Build up the body of Christ. Support the Pentecost Offering.

Black history all year round

Two churches bend the moral arc to move the community forward

by Gail Strange and Paul Seebeck | Presbyterian News Service

The lives of Barbara Flythe, left, and Pam Wakefield have changed as a result of conversations around Bending the Moral Arc. (Photo by Mike Fitzer)

LOUISVILLE — “How Long, Not Long” is the popular name given to the speech delivered by the Rev. Dr. Martin Luther King Jr. on the steps of the Alabama state Capitol in Montgomery on March 25, 1965. King delivered this speech after the completion of the march from Selma to Montgomery. When asked how long it would take to see social justice, King replied, “How long? Not long, because the arc of the moral universe is long, but it bends toward justice.”

In an ongoing effort to address one of the three foci of the Matthew 25 invitation, dismantling structural racism, which calls for individuals and congregations to advocate and act to break down the systems, practices and thinking that underlie discrimination, bias, prejudice and oppression of people of color, Barbara Flythe of Witherspoon Street Presbyterian Church and Pam Wakefield of Nassau Presbyterian Church, both located in Princeton, New Jersey, share how the two churches — one predominately Black, the other primarily white — have come together to bend the moral arc toward justice.

The two churches share a history dating back to 1776. In an interview with Presbyterian News Service, Flythe and Wakefield discussed the impact of the conversations of the two churches’ Bending the Moral Arc conversations.

When asked why they chose the phrase “bending the moral arc” for their work, Flythe replied: “I think we chose it because it’s kind of an organic phrase. It has movement, it has an assumption that there’s work involved, that what we’re doing is moral for us — it’s ethical. And it’s a part of who we are as Christians. One of the people in our group said that to bend the moral art there’s activity involved; you’ve got to bend. So, all that helps me understand that there’s something that we must do. And, it seems to me, that any work you do involving bending is very helpful if you’re doing it in community.”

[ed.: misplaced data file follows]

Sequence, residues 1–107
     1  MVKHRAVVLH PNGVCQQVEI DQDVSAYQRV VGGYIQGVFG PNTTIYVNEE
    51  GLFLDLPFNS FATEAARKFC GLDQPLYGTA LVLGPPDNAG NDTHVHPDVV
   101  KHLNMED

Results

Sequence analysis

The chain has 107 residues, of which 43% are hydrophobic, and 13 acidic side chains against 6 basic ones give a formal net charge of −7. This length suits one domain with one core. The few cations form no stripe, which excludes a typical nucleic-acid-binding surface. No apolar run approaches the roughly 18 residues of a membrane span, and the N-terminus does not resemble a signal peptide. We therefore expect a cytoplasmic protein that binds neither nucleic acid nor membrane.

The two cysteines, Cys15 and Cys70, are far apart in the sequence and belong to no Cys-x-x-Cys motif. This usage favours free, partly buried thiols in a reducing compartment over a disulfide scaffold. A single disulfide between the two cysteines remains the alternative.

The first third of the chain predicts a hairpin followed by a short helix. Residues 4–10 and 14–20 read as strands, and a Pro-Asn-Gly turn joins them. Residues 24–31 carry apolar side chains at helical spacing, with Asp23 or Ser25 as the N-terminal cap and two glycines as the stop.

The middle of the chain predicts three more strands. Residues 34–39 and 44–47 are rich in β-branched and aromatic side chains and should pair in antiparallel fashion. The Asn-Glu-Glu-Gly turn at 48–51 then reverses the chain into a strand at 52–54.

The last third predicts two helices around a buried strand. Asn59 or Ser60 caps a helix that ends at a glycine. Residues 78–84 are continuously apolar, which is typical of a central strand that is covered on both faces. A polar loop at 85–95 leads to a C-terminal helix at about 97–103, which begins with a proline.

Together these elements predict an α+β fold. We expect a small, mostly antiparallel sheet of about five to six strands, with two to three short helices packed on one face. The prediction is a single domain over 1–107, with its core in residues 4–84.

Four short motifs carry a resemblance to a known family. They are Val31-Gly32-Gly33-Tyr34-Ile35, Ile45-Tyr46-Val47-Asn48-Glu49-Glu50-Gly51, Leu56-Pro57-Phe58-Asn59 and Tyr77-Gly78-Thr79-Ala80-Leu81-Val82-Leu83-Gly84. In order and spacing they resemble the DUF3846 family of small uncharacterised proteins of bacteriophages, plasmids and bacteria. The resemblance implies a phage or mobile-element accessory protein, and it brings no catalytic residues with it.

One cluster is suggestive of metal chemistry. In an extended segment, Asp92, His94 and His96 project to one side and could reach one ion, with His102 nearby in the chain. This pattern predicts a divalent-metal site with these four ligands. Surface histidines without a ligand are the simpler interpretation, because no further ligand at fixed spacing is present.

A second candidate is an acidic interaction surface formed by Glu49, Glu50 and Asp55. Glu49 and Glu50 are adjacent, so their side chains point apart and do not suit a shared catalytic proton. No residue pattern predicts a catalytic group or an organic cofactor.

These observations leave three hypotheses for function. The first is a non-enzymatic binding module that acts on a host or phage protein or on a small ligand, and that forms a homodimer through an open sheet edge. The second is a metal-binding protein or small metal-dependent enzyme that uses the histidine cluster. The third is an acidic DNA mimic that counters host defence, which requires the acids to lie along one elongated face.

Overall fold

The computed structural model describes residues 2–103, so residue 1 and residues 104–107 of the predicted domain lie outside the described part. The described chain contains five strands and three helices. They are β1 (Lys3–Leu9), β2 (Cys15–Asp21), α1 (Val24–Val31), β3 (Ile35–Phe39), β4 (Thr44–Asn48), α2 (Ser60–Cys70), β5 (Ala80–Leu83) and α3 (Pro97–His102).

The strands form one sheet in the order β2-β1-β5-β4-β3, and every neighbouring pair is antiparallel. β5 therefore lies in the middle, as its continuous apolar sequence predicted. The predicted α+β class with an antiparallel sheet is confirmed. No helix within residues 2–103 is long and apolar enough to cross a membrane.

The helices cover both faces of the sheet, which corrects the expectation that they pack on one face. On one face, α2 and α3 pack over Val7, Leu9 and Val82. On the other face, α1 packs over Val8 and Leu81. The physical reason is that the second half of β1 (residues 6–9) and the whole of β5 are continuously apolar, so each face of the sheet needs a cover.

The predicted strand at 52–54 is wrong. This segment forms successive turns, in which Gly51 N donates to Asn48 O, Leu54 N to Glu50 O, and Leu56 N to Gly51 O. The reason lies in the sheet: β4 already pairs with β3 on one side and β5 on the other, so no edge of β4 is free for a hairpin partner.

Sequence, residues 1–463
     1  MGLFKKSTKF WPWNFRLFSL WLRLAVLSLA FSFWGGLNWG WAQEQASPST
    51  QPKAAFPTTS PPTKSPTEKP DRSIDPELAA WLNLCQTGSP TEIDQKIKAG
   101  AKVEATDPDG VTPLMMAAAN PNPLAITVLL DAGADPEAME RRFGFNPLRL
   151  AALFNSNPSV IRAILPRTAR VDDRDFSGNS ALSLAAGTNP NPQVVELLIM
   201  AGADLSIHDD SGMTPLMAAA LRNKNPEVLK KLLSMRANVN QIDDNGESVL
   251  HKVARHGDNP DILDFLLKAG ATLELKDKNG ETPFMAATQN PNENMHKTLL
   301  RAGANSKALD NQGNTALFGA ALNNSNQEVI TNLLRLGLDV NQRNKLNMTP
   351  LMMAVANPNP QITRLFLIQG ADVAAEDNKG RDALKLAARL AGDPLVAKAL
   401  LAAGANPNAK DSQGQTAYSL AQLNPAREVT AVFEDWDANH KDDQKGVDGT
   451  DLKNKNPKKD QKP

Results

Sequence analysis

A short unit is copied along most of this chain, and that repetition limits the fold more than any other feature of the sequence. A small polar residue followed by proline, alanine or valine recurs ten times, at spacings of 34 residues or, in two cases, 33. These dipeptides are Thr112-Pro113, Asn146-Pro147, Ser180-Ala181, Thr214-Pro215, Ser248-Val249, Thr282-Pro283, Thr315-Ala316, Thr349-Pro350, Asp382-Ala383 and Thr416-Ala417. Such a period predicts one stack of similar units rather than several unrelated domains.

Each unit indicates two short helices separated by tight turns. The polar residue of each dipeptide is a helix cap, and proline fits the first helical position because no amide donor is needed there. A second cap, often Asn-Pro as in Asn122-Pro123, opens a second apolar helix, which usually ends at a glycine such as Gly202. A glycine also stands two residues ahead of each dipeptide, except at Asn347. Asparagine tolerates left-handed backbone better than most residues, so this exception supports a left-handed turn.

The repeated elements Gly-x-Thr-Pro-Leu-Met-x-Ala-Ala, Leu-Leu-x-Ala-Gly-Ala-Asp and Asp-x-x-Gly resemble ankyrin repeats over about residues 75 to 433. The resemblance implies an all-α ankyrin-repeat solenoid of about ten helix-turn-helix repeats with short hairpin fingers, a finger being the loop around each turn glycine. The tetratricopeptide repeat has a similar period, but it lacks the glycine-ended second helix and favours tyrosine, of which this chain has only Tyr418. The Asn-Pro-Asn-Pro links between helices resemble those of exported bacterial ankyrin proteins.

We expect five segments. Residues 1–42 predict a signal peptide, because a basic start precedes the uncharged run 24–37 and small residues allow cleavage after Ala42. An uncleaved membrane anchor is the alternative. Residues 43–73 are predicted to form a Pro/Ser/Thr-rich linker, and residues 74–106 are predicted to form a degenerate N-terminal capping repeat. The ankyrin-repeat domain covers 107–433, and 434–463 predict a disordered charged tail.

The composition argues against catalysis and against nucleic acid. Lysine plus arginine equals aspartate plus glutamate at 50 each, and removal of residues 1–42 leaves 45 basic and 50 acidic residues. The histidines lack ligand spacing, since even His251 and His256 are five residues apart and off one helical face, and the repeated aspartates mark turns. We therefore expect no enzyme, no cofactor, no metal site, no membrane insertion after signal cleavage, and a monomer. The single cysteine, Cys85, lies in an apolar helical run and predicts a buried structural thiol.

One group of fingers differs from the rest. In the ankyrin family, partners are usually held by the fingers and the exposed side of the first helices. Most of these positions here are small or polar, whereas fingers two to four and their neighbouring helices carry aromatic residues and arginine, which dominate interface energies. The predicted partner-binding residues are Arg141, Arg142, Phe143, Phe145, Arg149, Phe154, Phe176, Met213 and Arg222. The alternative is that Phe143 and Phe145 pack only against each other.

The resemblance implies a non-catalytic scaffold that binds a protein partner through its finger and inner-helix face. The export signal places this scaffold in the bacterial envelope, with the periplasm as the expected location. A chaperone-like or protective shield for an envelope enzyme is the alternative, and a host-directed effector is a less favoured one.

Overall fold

In her response to the same question, Wakefield said, “After George Floyd was murdered and the congregations were meeting together, we were speechless. We just said, ‘We have to do something.’ Within hours, we were putting together the concept of the conversations. And then we asked, ‘How do we describe it?’ It turned out to be exactly the right title. There’s hope that the bend happens.”

The Rev. Dr. Martin Luther King Jr. (Photo by Unseen Histories via Unsplash)

In a conversation crafted around King’s book “Where Do We Go From Here: Chaos or Community?” Flythe and Wakefield were asked to respond to this passage from the book: “The Negro obviously needs organized strength, but that strength will only be effective when it is consolidated from constructive alliances with the majority group.”

Is the partnership between these two churches the type of constructive alliance needed to move the country forward? Wakefield replied: “I wish we had a magic wand to make what is happening with our two churches available and understood by so many people who would really share the gifts that we have gained from it. Yes, this is a very, very constructive alliance.”

Flythe said if she were writing a recipe for building constructive alliances, she would be sure to include small groups as a key ingredient. “I would say folks who come with intention and are willing to commit to the groups must be respectful and really listen to each other. As an African American, I cringe at the statement that ‘I never see color.'”